From my first meeting with Connor I knew he was someone I would never forget. He was a 14 year old in the first youth club I was involved with leading, and after we’d chatted for a while and got to know each other a bit, he ended the conversation by saying, “If you ever want me to shoot anyone for you, just let me know and I’ll sort it out!”
I’m almost certain he wasn’t serious, though I was relieved to have got on his good side 🙂 As I got to know him more though, I discovered that he did have a disturbingly detailed knowledge of guns and he seemed to spend most of his spare time playing violent computer games.
He came regularly to the youth club over the next two years and we had some good chats but I was never sure how much impact any of it was having on him.
On the final day of the youth club before the summer holidays we decided to have a beach party. About 30 teenagers, mainly boys, gathered on the beach and all was going well until one of the boys started messing around and hit someone in the eye with a stone.
Two leaders went to take care of the boy who was hurt and I was left on the beach with another leader and the rest of the young people. That was when things began to get difficult.
Although it had been an accident, the friends of the boy who was hurt wanted revenge, and the friends of the boy who had thrown the stone were prepared to defend him. It seemed that instantly the group divided into two opposing sides and, as the tension rose, they began to move towards one another, gearing up for a fight.
I looked at the other leader who was on the beach with me but she seemed oblivious to what was happening. I knew I had to do something but I had no idea what. There wasn’t really time to think, so I prayed- just three words: “God, help me.” Then I walked into the middle of the group of boys and just said quietly but firmly, “There will be no fighting tonight.”
To my amazement, both sides immediately backed off and moved apart! I stood there in the middle for a moment wondering what had just happened. I knew that somehow God had given my words authority which had diffused the tension and averted the crisis.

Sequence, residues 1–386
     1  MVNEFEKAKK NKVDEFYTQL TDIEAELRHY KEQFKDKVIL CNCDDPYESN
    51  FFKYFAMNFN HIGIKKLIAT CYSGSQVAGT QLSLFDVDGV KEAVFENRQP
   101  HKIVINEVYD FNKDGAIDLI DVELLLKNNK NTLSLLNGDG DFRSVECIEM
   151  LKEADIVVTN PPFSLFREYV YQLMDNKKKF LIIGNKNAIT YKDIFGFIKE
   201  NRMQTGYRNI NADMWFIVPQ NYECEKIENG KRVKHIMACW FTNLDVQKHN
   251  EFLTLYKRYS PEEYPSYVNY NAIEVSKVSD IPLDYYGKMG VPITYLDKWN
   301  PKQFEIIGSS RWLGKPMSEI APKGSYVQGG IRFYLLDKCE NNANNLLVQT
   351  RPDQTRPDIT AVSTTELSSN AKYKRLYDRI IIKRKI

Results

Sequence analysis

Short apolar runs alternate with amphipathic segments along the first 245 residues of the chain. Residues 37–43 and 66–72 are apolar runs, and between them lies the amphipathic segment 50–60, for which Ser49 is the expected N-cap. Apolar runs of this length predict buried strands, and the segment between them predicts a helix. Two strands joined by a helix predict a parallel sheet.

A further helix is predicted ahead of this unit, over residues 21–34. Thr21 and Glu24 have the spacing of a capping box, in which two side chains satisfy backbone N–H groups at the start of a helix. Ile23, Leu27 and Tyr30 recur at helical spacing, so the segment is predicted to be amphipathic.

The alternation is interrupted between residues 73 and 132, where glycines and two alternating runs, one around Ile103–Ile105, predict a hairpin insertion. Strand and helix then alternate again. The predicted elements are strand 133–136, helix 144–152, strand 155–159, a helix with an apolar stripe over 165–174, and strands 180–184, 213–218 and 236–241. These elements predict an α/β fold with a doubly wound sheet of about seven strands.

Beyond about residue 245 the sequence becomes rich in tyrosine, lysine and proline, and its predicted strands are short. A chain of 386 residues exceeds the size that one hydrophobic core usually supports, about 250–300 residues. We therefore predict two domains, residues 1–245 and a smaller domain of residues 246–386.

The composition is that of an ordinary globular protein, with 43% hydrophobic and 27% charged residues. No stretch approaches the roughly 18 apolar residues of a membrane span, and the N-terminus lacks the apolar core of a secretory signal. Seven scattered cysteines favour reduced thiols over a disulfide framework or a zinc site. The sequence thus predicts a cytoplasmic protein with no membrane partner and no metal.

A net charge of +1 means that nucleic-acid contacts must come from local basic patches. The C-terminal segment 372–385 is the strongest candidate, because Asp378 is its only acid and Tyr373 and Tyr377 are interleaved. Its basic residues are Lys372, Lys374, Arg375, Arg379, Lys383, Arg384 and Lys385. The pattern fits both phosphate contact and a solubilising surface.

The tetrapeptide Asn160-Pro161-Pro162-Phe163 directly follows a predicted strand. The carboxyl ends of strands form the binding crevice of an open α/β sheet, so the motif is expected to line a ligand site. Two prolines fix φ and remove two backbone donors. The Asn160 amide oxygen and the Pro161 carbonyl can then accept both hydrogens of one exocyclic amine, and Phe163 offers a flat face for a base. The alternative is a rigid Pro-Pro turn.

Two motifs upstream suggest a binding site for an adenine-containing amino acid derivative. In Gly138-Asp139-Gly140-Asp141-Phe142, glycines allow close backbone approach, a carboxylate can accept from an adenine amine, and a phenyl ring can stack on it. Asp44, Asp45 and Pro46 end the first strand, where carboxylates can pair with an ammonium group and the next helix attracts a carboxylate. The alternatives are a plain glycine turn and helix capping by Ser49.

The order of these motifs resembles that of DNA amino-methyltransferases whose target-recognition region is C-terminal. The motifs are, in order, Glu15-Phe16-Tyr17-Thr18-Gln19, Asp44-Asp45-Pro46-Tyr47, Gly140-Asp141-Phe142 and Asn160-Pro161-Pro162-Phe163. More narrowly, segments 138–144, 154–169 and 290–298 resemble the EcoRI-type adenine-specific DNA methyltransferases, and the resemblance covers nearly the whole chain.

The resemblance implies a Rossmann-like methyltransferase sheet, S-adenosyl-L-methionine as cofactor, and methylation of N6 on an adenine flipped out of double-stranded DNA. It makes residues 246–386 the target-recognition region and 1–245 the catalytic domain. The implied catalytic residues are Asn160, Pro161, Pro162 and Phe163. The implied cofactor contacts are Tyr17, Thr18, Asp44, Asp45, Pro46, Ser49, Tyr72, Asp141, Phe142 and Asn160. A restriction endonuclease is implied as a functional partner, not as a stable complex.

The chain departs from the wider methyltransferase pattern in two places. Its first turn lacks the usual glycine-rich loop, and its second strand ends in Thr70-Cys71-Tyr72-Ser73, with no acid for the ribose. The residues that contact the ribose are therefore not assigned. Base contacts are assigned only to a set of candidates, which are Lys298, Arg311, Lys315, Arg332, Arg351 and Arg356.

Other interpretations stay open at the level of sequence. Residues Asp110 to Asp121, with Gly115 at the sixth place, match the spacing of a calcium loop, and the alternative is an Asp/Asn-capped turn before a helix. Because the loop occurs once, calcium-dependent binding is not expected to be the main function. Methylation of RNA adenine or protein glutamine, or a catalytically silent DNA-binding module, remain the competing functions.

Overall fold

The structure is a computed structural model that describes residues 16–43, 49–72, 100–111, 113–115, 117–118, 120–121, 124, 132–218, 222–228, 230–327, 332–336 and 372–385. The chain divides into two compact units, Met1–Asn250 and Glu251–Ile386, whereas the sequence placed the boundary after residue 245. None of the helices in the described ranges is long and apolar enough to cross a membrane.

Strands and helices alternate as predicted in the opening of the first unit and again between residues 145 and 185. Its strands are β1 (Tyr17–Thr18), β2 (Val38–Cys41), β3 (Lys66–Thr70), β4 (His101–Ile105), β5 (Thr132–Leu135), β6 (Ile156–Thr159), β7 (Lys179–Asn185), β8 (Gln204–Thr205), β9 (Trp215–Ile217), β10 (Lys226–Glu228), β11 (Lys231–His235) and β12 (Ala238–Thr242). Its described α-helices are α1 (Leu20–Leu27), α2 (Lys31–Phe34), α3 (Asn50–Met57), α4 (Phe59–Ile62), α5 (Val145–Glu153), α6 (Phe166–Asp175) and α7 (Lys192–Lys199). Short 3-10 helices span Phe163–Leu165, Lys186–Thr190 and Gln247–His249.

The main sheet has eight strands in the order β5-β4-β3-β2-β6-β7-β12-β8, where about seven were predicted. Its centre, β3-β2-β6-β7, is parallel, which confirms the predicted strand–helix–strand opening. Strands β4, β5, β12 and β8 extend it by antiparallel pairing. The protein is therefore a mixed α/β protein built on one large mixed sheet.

Strangely though, that wasn’t the biggest miracle I saw that night. People were still upset about what had happened and, although a fight had been prevented, some of the boys were still angry and wanting to take revenge. As I moved among the group I saw Connor chatting with a few of the younger boys, trying to calm them down, and as I walked past I could hardly believe the words coming out of his mouth: “Violence isn’t a good way to solve your problems.”
I realised that somehow those two years had made an impact on him and changed him. Just the fact that he was engaging with the younger boys to try to help sort out the problem was amazing but I couldn’t believe how much his attitude seemed to have changed since that first conversation.
I think often we associate the word “miracle” with an instant event, like a sudden healing or the immediate transformation of a situation, and it is amazing when we see these things happen, but the definition of a miracle simply says “an unusual or wonderful event that is believed to be caused by the power of God.”
Sometimes miracles happen slowly.
Sometimes they happen so gradually that we don’t even notice. Sometimes when we’re in the middle of it, it seems like nothing is happening at all. We can’t always see what God is doing and it can be tempting to give up because it seems that our prayers or our efforts are pointless.
But if we quit, we might miss the miracle.
I am not a very patient person. I find it hard to wait when I want something to happen, but I am learning that, just because God’s work is often slower than I might like, it doesn’t mean he’s not working. I’m encouraged to keep going, that the prayers and perseverance are worth the effort and that the result will be worth it in the end.
The miracle is always worth the wait.
“So my dear brothers and sisters, be strong and immovable. Always work enthusiastically for the Lord, for you know that nothing you do for the Lord is ever useless.” (1 Corinthians 15:58)